The last three areas — for meetings, for brainstorming and for lounging — can easily be external spaces. For example, you could lounge and brainstorm in your living room and take any meetings outside of your home.
That leaves the initial four areas for a minimalist office:
- You need a good desk.
- You need a place to store reference materials such as industry publications.
- You need a permanent place to store your tools and materials.
- You need an extra space onto which ongoing work materials can spill over.
Once you have found a place for all of your larger items, organization becomes a matter of finding homes for all of your smaller, everyday items and developing habits to maintain that order.
Apartment Therapy has a great post on organizing your desk drawers, which will be the natural home for all of your smaller tools. The key takeaway here is to establish a hierarchy of drawers so that the most used tools are easiest to access.
“Clutter can easily accumulate, and when everything is important, nothing is …” Apartment Therapy’s editors write. “This is why junk drawers always seem to be the highest drawers in kitchens and offices.”
Notice how organization relies so much on first establishing a mental model for where things go. That’s because being organized is as much a mindset as it is a set of actions.
Jason Fitzpatrick, one of LifeHacker’s absolute best, has a classic post on getting organized at work, and the lessons he shares in that piece apply for remote workers.
“We invented pulleys — and notebooks to capture our thoughts! — specifically so we didn’t have to work so hard,” he writes.
“You might get by with a filing system that consists of piling papers precariously on the corner of your desk and only throwing stuff away when it mounds too high for you to see your monitor, but it’s silly to argue anything but that you’d get by better if things were put away properly. I have never met a creative person who was disorganized that wouldn’t have more time to be creative if their life wasn’t a tornado of chaos and clutter.”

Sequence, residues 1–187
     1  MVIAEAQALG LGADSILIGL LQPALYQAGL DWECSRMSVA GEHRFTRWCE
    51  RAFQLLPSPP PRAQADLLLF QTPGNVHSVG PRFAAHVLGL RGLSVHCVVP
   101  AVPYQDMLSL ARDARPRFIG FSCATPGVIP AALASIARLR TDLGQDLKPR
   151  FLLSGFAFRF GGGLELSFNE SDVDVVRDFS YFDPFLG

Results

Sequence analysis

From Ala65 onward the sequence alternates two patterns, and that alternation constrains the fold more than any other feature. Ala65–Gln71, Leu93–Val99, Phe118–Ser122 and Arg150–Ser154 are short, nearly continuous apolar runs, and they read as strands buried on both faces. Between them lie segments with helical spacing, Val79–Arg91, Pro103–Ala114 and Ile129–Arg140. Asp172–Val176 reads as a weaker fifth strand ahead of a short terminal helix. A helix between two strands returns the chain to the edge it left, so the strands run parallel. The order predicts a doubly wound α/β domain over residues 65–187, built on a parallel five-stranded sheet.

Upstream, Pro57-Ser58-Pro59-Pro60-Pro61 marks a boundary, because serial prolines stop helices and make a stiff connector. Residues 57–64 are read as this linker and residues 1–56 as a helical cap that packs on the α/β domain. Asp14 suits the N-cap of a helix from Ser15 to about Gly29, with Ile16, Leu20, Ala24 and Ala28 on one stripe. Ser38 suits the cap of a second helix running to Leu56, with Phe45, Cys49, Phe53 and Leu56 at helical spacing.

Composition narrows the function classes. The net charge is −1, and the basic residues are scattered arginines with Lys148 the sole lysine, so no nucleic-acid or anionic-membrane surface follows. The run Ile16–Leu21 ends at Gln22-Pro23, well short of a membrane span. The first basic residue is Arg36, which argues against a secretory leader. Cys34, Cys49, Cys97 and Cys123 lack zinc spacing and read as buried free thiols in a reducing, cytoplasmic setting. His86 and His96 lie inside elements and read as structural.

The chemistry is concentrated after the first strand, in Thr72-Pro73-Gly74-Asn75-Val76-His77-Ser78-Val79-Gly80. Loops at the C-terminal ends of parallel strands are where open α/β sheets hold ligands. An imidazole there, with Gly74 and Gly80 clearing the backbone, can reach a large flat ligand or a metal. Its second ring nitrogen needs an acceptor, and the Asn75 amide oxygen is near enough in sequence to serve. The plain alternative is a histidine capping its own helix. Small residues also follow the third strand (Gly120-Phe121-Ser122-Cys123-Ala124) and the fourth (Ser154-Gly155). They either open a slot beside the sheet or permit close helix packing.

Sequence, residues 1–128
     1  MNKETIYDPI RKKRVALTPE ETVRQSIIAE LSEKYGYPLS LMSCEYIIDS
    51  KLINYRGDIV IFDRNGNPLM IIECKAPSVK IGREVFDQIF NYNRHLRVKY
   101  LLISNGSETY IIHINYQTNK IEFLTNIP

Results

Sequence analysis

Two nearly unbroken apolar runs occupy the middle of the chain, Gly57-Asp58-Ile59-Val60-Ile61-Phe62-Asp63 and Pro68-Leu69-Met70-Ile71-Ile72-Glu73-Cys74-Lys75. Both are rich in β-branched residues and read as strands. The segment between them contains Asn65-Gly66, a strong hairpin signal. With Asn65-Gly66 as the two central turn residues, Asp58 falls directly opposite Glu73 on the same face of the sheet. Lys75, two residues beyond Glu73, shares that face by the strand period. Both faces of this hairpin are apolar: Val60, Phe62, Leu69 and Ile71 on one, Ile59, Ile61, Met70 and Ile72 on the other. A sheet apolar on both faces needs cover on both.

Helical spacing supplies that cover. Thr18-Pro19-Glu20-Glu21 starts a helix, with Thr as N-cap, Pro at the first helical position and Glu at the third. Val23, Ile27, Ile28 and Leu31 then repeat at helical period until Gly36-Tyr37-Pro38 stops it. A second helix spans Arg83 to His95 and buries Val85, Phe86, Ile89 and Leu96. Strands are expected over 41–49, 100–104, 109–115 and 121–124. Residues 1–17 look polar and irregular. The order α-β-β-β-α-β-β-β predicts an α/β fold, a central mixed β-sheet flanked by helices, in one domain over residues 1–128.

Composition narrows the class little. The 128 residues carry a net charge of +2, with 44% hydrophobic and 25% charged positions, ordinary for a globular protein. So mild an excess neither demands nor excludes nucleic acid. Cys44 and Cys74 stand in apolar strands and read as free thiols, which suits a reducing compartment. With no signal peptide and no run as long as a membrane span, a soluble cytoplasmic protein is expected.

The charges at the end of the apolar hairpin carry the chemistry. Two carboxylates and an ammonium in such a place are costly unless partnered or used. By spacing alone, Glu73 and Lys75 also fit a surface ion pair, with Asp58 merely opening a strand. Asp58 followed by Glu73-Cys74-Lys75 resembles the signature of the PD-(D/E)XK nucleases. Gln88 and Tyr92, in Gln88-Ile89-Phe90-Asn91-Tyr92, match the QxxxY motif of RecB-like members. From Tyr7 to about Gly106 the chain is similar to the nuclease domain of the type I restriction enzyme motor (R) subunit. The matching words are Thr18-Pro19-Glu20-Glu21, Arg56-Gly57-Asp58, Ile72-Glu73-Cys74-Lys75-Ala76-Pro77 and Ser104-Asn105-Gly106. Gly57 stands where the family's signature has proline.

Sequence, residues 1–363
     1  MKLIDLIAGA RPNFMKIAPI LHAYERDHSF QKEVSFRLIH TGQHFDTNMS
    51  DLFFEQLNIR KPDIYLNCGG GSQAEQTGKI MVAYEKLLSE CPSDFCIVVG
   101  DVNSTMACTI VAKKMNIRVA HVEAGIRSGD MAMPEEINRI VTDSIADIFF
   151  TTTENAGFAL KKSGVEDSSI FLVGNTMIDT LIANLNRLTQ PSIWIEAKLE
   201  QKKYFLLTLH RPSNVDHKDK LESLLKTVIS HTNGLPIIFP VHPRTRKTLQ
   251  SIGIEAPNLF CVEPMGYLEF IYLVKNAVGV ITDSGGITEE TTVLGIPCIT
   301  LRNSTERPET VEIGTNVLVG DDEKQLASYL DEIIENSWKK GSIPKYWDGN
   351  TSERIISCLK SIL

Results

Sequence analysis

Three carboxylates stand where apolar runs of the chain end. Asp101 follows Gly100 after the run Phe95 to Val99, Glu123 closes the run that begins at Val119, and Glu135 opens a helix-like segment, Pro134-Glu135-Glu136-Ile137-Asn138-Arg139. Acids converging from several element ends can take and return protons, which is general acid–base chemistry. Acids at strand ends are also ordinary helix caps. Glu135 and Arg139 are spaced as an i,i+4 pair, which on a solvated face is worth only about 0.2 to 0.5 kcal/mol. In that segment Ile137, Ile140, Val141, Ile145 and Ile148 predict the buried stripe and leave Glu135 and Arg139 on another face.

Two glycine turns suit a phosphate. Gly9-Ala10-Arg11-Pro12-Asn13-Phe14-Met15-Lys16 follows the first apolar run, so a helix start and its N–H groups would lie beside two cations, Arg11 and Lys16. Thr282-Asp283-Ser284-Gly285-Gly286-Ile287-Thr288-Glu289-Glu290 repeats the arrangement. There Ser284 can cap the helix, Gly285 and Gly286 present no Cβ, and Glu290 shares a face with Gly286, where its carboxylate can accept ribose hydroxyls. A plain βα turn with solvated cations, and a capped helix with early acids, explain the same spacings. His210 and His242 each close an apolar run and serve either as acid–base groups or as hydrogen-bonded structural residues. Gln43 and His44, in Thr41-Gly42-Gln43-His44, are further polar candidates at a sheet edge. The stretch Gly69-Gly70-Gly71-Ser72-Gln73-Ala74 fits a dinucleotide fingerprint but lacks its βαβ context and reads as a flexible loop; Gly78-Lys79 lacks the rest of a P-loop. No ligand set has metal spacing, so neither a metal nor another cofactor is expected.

If you work full-time from your office, you are likely to spend as many as 2,000 hours in there each year. It is worthwhile to invest in comfort and ergonomics for this space, both for productivity’s sake and for the sake of your own health.
The Mayo Clinic has some useful and precise information on office ergonomics:
- The clinic’s staff recommend that any desk at which you sit should be at least 19 inches deep, 30 inches wide and about 34 inches high for the average person (adjust that last dimension to accommodate your own height — most important is that your wrists are at a natural angle when typing).
- Your monitor(s) should about an arm’s length directly from you, with the top of the screen slightly below your eye level.
Your chair is an equally important factor in your ergonomics, which The Wirecutter’s Kyle Vanhemert discusses at length in his review of the Steelcase Leap.
UK retailer John Lewis also has a helpful guide to buying an office chair on its site. That guide has one nice insight to keep in mind if you will be chair shopping: